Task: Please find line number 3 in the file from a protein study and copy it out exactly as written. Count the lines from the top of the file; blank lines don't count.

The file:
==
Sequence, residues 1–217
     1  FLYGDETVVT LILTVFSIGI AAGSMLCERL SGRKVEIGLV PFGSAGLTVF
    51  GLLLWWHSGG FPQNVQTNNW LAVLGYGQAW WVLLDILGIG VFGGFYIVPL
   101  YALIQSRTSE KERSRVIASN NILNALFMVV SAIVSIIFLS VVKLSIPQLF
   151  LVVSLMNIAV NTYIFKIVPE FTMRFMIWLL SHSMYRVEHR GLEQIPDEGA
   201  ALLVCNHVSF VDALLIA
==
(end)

    51  GLLLWWHSGG FPQNVQTNNW LAVLGYGQAW WVLLDILGIG VFGGFYIVPL